Last week’s Aipac convention, where President Bush spoke to calls for “four more years,” left the impression that many of America’s Jews are moving away from their traditionally Democratic preferences to rally around a president whom they see as a strong friend of Israel. But is it really the case that American Jews on the whole are now likely to vote Republican in large numbers?
The possibility that American Jews might be migrating steadily from their historically liberal voting patterns was sufficiently provocative to launch a firsthand examination of the political outlooks of American Jews.
Your dogged trendspotter managed to obtain the dataset from the Annual Survey of American Jewish Political Opinion, sponsored by the American Jewish Committee, fielded most recently in November 19-20, 2003. This study of 1,000 people is the only available source of data about the political views of American Jews. In interviews that tapped foreign and domestic policy concerns, voting preferences and Jewish involvement, the AJCommittee study asked respondents a series of polling standards: Suppose the elections were held today, would you vote for Bush or Dean? Bush or Kerry? Bush or Lieberman? Bush or Clark? Bush or Gephardt?
In November 2003, before Kerry was seen as a serious challenger to Bush’s reelection campaign, Kerry garnered 59% of the AJCommittee sample, with Bush at 31% and the remaining 10% undecided. In the ensuing six months this study has been cited as evidence of Bush’s 31% “lead,” up from Bush’s share of 19% of the vote among Jews in 2000.
But how robust are these AJCommittee data, bearing in mind that when the survey was conducted last November, the Democratic primary campaign was still packed with contenders and the current groundswell of doubt about the American war efforts in Iraq had not yet gained momentum? The answer is that it depends on what you want to learn.
To understand the Jewish electorate — as opposed to getting an accurate sense of how the actual vote will turn out — something useful can be discerned by analyzing the data more fully. Thus I identified three kinds of Jews: the people that consistently favored Bush (19%), those who were always against Bush (61%) and those who wavered between Bush and the various Democratic nominees (20%).
These numbers show that more than half of the sample of American Jews was consistently for Bush’s opponent — who ever it might be — challenging the impression left by the coverage of the Aipac meeting. Moreover, fully one-fifth of this sample wavers between supporting Bush or his opponents.
Typically the political “pros” divide the electorate into those who are really committed already and thus are unshakeable, versus those who waver depending on the issues before them. The campaigns then direct their efforts to reaching the voters up for grabs in the states that matter. In that spirit, what can be said about the 20% of this sample of American Jews that vacillates between Bush and his opponents?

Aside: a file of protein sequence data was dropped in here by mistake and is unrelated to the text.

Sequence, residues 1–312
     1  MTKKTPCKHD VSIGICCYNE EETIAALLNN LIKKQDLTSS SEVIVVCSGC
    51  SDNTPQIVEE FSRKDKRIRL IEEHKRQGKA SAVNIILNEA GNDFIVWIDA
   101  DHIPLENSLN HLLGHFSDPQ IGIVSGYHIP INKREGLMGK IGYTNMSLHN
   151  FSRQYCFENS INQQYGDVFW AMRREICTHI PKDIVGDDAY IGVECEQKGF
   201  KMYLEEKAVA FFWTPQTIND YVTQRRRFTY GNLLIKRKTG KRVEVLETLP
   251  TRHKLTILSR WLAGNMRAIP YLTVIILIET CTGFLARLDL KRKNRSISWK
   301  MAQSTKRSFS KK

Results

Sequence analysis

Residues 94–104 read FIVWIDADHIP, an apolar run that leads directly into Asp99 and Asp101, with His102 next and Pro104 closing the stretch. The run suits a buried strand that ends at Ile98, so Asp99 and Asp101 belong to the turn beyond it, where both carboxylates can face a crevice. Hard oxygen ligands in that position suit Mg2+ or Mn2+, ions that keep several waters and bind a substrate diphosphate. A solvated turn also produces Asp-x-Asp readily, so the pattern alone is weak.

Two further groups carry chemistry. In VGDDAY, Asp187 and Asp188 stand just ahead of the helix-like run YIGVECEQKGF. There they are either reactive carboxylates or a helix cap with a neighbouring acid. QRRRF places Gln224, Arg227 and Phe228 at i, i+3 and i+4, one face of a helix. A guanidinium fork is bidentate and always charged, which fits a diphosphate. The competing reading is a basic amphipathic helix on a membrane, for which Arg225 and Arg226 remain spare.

More than half of them (55%) voted for Gore in 2000, 32% voted for Bush and the remaining 13% either voted for someone else, didn’t vote or wouldn’t say. More than two-fifths (43%) identify as Democrats, 19% say they’re Republicans and 37% describe themselves as Independents. Thirty percent preferred Kerry over Bush when asked in November. And more than 50% call themselves political “moderates” or “slightly conservative” compared to Bush rejecters, who lean liberal, and the more conservative Bush supporters.
Over-represented among this 20% are men, those who are younger than age 40, those who are married, people with 1-3 kids, people living in single-family homes and those who are the highest earners. All in all this profile of the “wavering 20%” has the feel of the affluent suburbs.
What kinds of Jews are these people in the middle? Nearly half (46%) of them say that the most important aspect of their Jewishness is “being part of the Jewish people,” while an additional 21% describe the core of their Jewishness as religious observance. Only one-tenth (11%) of the waverers frame their Jewishness in terms of “a commitment to social justice,” whereas among the Bush rejecters the percentage is nearly double that (23%). The middle position between Bush and his opponents is more likely to draw people who call themselves Conservative Jews — 38% of the waverers describe themselves that way.
Foreign policy forms the main fault-line separating the three groups, with Bush supporters the most hawkish, Bush opponents more skeptical about the Iraq war and its impact on terrorism, and the waverers wavering in between on the issues.
Israel-related questions elicited two different patterns. First, there weren’t many differences among these groups in terms of the relationship between American Jews and Israel. But various scenarios about Israeli-Palestinian relations did elicit divergent views: the Bush supporters were most hawkish, the Bush opponents much less so, and the waverers were midway.
Finally, the three groups diverge about the place of religion in America public life. The Bush opponents worry about the growing influence of the religious right, whereas Bush supporters favored government support for religious schools. The waverers were smack in the middle on these questions.
Now, analyzing datasets is not the same as handicapping elections, and this trendspotter is quite content to leave November forecasts to Frank Luntz. But if the numbers do not offer a clear verdict on American Jewry’s traditionally Democratic preferences, they do evidence the community’s grasp of democratic principles — the 5,000 delegates to the Aipac convention may have spoken in one voice, but come November, the one-fifth of American Jews who are wavering will let themselves be heard, and it anybody’s guess what they will say.
Bethamie Horowitz, a social psychologist, is research director for the Mandel Foundation.